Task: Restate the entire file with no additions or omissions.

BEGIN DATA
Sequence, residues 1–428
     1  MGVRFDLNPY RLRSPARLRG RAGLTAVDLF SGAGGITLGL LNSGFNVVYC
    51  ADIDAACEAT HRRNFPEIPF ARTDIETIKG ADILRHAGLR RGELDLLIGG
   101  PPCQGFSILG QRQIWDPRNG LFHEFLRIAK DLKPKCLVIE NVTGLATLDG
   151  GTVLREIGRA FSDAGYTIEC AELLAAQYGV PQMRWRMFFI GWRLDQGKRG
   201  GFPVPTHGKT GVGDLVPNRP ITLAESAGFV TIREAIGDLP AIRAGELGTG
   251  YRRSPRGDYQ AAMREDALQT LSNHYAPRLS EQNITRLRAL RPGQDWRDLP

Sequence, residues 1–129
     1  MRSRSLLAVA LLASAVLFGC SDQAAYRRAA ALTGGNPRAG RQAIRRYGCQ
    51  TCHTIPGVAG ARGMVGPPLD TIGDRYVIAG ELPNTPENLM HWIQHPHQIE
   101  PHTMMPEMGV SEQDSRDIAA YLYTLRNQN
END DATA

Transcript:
Sequence, residues 1–428
     1  MGVRFDLNPY RLRSPARLRG RAGLTAVDLF SGAGGITLGL LNSGFNVVYC
    51  ADIDAACEAT HRRNFPEIPF ARTDIETIKG ADILRHAGLR RGELDLLIGG
   101  PPCQGFSILG QRQIWDPRNG LFHEFLRIAK DLKPKCLVIE NVTGLATLDG
   151  GTVLREIGRA FSDAGYTIEC AELLAAQYGV PQMRWRMFFI GWRLDQGKRG
   201  GFPVPTHGKT GVGDLVPNRP ITLAESAGFV TIREAIGDLP AIRAGELGTG
   251  YRRSPRGDYQ AAMREDALQT LSNHYAPRLS EQNITRLRAL RPGQDWRDLP

Sequence, residues 1–129
     1  MRSRSLLAVA LLASAVLFGC SDQAAYRRAA ALTGGNPRAG RQAIRRYGCQ
    51  TCHTIPGVAG ARGMVGPPLD TIGDRYVIAG ELPNTPENLM HWIQHPHQIE
   101  PHTMMPEMGV SEQDSRDIAA YLYTLRNQN